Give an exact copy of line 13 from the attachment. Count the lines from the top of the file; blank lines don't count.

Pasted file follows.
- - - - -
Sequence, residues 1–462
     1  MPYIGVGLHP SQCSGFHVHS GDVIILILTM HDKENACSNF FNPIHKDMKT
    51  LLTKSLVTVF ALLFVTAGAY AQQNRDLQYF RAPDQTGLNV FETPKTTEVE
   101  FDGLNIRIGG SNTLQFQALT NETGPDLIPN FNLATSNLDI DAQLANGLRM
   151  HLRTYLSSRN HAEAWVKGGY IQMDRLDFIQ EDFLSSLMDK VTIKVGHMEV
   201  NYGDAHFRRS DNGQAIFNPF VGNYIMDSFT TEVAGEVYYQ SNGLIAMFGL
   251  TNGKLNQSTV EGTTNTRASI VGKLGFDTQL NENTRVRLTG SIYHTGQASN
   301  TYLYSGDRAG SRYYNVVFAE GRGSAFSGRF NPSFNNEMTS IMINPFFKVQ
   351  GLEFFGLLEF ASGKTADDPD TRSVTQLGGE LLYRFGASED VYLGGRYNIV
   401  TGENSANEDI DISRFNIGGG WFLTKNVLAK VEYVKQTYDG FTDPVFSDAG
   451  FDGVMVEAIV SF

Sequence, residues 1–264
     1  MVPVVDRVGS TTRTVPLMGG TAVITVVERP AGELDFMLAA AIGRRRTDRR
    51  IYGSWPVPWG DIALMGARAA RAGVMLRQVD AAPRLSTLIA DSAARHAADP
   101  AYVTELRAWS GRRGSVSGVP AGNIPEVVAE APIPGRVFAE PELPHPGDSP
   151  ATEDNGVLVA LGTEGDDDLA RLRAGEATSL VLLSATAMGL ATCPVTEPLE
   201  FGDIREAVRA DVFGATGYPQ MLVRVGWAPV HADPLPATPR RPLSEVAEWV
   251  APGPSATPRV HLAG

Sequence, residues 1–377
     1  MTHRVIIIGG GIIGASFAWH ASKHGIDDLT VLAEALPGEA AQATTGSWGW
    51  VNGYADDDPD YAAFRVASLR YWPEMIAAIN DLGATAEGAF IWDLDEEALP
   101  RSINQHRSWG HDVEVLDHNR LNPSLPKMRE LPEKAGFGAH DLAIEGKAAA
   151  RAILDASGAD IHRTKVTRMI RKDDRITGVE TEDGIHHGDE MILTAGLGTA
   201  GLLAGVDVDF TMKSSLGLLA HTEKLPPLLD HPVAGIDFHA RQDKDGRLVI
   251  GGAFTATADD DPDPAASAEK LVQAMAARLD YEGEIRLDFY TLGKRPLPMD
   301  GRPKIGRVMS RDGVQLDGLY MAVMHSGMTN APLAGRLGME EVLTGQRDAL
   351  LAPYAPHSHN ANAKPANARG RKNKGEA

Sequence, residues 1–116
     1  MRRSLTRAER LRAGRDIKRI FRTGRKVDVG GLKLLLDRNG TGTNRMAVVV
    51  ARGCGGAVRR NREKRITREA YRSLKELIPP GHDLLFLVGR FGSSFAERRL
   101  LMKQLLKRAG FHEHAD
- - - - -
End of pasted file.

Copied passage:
     1  MVPVVDRVGS TTRTVPLMGG TAVITVVERP AGELDFMLAA AIGRRRTDRR